This marks the 30th anniversary of USA TODAY recognizing the nation's top high school athletes. As we prepare to unveil the 2012 American Family Insurance ALL-USA Football Team at the end of the season, we'll dig into the archives and check in with ALL-USA honorees from the past three decades.
As the assistant director of football operations at Louisiana State, Dean Dingman helps the Tigers’ players deal with the transition to the NFL or life beyond football. He’s uniquely qualified for the job, as a former 1986 American Family Insurance ALL-USA offensive lineman at East Troy, Wis., a former All-American offensive guard at Michigan and a former sports agent.
“I hope to be able to help a lot of kids here at LSU,” Dingman said. “I really try to educate them that playing pro football is a business decision. I try to give them information so they can make decisions for themselves. They hear a lot of things from their family, friends or even agents. A lot of times what they hear is not accurate information. When a kid gets drafted, people talk about a $40 million contract. But, when you break the numbers down, it’s more like a 10-year deal and will a player really see all of that money? Former players exaggerate what they make and it is important to have facts instead of emotion.”
MORE: American Family Insurance ALL-USA Homepage
Dingman started four years at Michigan and made the American Football Coaches Association and Sporting News All-America teams his senior season in 1990. He was drafted in 1991 in the eighth round by the Pittsburgh Steelers but was released after spending the 1991 season on the team’s injured reserve.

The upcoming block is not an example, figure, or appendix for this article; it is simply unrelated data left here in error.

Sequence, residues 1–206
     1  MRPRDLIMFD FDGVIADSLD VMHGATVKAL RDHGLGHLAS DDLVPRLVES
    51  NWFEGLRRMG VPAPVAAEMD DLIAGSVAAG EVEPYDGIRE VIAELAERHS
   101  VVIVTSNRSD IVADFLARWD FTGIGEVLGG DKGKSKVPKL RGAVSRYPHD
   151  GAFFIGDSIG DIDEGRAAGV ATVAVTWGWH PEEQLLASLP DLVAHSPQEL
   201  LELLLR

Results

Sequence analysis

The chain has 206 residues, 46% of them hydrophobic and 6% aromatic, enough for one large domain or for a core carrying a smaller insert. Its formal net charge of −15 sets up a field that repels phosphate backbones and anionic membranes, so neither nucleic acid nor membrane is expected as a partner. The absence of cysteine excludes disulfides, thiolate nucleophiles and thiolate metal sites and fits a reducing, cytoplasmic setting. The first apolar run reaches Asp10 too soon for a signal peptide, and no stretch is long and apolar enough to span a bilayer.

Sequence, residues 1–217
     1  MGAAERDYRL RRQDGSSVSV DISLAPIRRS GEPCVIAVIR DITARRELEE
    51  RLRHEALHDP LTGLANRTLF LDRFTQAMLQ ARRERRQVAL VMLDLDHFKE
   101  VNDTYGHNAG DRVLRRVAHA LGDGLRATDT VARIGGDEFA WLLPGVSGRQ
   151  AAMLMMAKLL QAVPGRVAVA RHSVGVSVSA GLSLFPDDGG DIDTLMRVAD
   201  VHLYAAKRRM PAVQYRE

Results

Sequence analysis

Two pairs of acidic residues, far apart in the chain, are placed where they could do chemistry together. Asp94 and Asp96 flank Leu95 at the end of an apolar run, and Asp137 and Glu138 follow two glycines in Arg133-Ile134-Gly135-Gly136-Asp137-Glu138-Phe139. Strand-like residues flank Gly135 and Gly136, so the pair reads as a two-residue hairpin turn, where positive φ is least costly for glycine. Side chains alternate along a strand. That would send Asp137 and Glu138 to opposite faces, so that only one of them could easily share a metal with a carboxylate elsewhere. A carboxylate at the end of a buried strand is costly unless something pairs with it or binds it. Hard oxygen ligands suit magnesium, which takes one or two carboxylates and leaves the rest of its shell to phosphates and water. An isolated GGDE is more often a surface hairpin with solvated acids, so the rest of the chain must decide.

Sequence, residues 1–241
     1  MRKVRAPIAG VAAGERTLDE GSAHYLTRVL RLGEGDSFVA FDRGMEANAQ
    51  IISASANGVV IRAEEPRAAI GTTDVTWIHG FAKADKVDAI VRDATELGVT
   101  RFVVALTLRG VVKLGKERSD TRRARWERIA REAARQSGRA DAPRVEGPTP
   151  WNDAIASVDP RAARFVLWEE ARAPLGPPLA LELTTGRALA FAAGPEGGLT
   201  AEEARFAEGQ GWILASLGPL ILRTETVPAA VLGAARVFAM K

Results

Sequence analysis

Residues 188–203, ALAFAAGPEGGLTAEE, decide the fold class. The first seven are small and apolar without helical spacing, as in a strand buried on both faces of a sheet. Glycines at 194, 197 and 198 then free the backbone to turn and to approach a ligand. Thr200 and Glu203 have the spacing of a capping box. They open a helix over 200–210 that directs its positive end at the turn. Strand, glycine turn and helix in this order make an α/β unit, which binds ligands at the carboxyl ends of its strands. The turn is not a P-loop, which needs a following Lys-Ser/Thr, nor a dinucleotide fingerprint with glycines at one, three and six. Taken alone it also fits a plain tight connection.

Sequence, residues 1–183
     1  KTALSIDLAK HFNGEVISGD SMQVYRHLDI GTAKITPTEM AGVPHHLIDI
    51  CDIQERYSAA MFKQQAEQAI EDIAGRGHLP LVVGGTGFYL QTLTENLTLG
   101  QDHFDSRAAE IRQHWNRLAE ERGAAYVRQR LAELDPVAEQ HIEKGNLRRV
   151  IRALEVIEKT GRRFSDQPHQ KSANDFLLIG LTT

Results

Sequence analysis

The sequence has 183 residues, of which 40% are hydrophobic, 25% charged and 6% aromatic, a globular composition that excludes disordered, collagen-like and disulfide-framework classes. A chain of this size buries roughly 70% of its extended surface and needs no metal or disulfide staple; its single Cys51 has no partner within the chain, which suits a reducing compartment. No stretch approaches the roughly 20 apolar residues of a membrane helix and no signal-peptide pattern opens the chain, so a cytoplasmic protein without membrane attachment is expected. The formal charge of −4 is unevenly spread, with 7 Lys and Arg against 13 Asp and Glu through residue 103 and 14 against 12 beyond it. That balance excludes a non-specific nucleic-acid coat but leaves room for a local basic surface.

“I tore cartilage in both knees my sophomore year at Michigan,” he said. “Back then, they just took out the cartilage that was torn instead of doing anything reconstructive. Then you tear a little more cartilage and after a number of operations, it was just bone on bone.”
Dingman became a sports agent, negotiating contracts for former teammates at Michigan or with the Steelers.
“I don’t think anybody is ready for that transition,” he said. “When I was at Michigan, I learned from some incredible people. Still, you’re a 22-year-old who has to make life decisions and who dreamed of playing pro football.”
After seven years, he became an entrepreneur in California, starting One Putt Green, a company that placed artificial turf putting greens in people’s backyards and starting a regional publication, Image Magazine. When the economy soured a few years ago, he accepted an offer from his first position coach at Michigan, Les Miles, to join the staff at LSU. Though he isn’t a coach, Dingman, 44, says he enjoys the camaraderie of LSU’s football team.
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“I really enjoy working with the athletes,” he said. “Hopefully, I can help educate them. It keeps you young. When you’re around a team there’s a playfulness. Sometimes you’re the butt of jokes and in all honesty, it’s good to laugh at yourself.”
Dingman doesn’t keep a lot of trophies around from his playing days. One of the ones he’s proudest of is a bronze helmet from the Gator Bowl in 1991 that was given to Michigan’s offensive line as the collective Offensive Player of the Game.
“We had a lot of good offensive players on that team, guys like Desmond Howard or Elvis Grbac, but we made it all possible,” Dingman said. “I don’t get recognized as a former player, unless maybe if I was in the Michigan area. Offensive linemen are pretty unknown.”
Dingman remembers driving 25 miles from East Troy to Waukesha to pick up a copy of the USA Today he was in for the ALL-USA team.
“I am very proud of the USA Today award,” Dingman said. “Kids love it when they see the picture. Anybody that Googles me can’t stop laughing at how I looked. The curly mullet is gone. Kids that are 18 get quite a kick out of that.”
Follow Jim Halley on Twitter @Jim Halley.